The War Powers Resolution says the Constitution only allows the president to introduce U.S. Armed Forces into hostilities “pursuant to a declaration of war, specific statutory authorization, or a national emergency created by attack upon the United States, its territories or possessions, or its armed forces.” In the absence of a declaration of war, the Resolution requires the president to submit a report to Congress any time he introduces Armed Forces into hostilities or into a foreign territory. The Resolution says that the president must end such a deployment of Armed Forces if Congress does not declare war or authorize deployment within a set period of time. The Supreme Court has not said whether the War Powers Resolution is constitutional. It may unconstitutionally restrict the president’s constitutionally-granted war-making powers. But let’s assume it doesn’t.

According to the War Powers Resolution, it is legal for the president to authorize military action using his executive power as Commander in Chief when there is (1) a declaration of war by Congress, (2) a specific statutory authorization, or (3) “a national emergency created by attack upon the United States, its territories or possessions, or its armed forces.” The issue then turns to whether or not the drone attacks taken by the current administration fall within restrictions of the Resolution.

The War Powers Resolution essentially defines war as “hostilities.”  The term is plainly vague and ambiguous.  The Ford administration simply chose to define “hostilities” as instances where U.S. armed forces were exchanging fire with hostile forces.  Subsequent administrations built upon this definition.  The Obama Administration, in a June 28, 2011 hearing related to the military actions taken in Libya, defined four specific factors that would determine whether military action came within the meaning of “hostilities” under the War Powers Resolution.  First, the administration considers the nature of the mission and whether it was limited or extensive. Second, they consider the exposure of the Armed Forces to enemy fire. Third, they consider the risk that the fighting will escalate.  Fourth, they consider the military means used, and whether those means were limited or full military engagements.  In the context of Libya, the U.S. Department of State announced that all four factors indicated a finding that the U.S. had not entered into “hostilities,” meaning the War Powers Resolution did not apply.

If we use the administration’s definition of “hostilities,” it seems drone strikes would not satisfy at least the first two factors. As to the first factor, any time the military uses a drone strike, that single strike is limited in nature. There is typically one target, and the attack takes place relatively quickly.  A drone strike is not an indiscriminate bombing.  Whether it strikes its target and only its target is another issue.  As to the second factor, the immediate exposure of the military to danger would be minimal.  The drones are unmanned themselves and controlled remotely from an air base maybe thousands of miles away in friendly territory.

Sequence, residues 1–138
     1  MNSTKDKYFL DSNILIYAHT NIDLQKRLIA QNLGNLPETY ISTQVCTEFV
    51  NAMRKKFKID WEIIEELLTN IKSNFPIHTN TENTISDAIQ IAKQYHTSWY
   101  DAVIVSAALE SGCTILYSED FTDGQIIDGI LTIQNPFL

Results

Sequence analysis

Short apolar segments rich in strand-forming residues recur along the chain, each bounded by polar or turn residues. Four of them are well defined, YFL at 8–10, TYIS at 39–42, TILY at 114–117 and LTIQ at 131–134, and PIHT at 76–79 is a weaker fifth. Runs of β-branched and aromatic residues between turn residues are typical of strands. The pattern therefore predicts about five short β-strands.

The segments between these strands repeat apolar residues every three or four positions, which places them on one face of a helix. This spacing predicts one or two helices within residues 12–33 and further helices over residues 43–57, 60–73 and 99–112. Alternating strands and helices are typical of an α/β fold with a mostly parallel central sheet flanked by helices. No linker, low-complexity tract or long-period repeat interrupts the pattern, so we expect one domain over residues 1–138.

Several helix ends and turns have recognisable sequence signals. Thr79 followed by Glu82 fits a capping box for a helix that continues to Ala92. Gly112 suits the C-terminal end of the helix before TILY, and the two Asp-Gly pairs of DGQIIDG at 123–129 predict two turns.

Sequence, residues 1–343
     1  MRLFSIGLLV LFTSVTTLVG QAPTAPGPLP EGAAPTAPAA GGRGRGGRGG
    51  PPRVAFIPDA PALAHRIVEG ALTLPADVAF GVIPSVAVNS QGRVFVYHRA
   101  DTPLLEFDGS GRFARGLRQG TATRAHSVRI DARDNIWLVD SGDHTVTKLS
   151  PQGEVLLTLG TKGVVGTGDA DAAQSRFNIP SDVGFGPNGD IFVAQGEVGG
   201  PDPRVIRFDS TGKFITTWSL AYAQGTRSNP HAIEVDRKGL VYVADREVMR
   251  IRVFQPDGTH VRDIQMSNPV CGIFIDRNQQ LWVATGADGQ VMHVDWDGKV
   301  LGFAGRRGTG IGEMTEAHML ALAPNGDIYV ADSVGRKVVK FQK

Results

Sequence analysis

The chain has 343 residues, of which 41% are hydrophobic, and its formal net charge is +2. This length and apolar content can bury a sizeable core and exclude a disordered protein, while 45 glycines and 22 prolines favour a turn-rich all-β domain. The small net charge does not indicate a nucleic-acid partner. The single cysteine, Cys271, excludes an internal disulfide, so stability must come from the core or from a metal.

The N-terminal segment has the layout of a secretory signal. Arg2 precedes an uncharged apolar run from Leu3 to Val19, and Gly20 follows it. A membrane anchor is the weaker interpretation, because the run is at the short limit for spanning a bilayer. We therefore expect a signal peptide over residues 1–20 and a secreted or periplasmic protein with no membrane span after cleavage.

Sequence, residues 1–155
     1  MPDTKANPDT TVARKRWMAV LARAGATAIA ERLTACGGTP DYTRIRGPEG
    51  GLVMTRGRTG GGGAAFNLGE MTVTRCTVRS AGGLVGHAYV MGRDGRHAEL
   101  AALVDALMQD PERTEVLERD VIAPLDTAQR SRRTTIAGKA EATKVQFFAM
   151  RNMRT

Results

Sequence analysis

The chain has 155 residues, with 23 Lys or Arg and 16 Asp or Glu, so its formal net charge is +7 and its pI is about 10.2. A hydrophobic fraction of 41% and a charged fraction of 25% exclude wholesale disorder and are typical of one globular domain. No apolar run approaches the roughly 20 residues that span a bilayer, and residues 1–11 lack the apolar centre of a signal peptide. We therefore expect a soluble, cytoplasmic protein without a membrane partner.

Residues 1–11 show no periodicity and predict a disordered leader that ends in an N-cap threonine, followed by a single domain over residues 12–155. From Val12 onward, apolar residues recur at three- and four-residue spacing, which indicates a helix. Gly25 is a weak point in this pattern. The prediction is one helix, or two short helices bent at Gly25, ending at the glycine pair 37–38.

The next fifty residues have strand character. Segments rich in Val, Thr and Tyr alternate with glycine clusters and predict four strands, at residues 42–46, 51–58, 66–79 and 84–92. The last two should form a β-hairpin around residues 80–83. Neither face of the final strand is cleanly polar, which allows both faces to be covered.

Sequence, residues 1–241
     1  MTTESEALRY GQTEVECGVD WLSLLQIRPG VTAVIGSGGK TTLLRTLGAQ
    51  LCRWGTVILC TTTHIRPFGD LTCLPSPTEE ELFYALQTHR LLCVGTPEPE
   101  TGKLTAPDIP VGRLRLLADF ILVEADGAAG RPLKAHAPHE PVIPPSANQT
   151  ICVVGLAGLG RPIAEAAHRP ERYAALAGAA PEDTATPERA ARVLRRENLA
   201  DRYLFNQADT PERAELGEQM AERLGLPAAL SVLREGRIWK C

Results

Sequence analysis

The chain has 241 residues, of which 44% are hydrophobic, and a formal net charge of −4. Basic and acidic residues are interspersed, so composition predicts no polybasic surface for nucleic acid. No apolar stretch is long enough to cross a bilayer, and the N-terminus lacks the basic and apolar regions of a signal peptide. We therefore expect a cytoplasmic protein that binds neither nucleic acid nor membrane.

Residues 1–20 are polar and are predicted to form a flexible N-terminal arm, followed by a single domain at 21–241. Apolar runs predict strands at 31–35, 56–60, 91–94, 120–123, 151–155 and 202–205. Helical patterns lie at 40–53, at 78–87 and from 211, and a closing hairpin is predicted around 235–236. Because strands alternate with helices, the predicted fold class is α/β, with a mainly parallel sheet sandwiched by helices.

The third and fourth factors may be more problematic.  As for the third factor, it can be argued that the risk of escalating the fighting is limited because once the drone strike takes place, the drone itself disappears, leaving the targets with nobody in their immediate vicinity to retaliate against.  But this does not consider the long-term effects of drone strikes. Arguably, the strikes themselves, which create a level of fear within the communities in which they are employed, inspire jihadists and help the recruitment efforts of organizations like Al-Qaeda and ISIS.  Those new jihadists in turn carry out additional attacks on American targets.  American investigators discovered that the younger brother of the Boston Bombing suspects, Dzhokhar Tsarnaev, had downloaded articles written by the radical cleric al-Awlaki who had been killed by a drone strike in Yemen.

Mass graveThe fourth factor ignores the changing nature of warfare.  The government claims that because there is not a full scale commitment of tanks, ground troops, naval ships, and air force, then there are no “hostilities.”  The reality of the situation, though, may be that, due to the inherently different nature of conflict with terrorist organizations – they hide among civilian groups and avoid mobilizing into any large force – the deployment of a full scale military operation is simply impractical.  Under the government’s argument, conflict with jihadists will rarely involve “hostilities.”  Moreover, the very idea that the military now has drones in its arsenal means those more traditional methods of warfare are being phased out and replaced to an extent. Despite the problematic nature of the third and fourth factors, however, it seems the Obama administration’s targeted drone strikes in foreign nations do not technically constitute “hostilities,” as defined by the administration, and so the War Powers Resolution may not apply.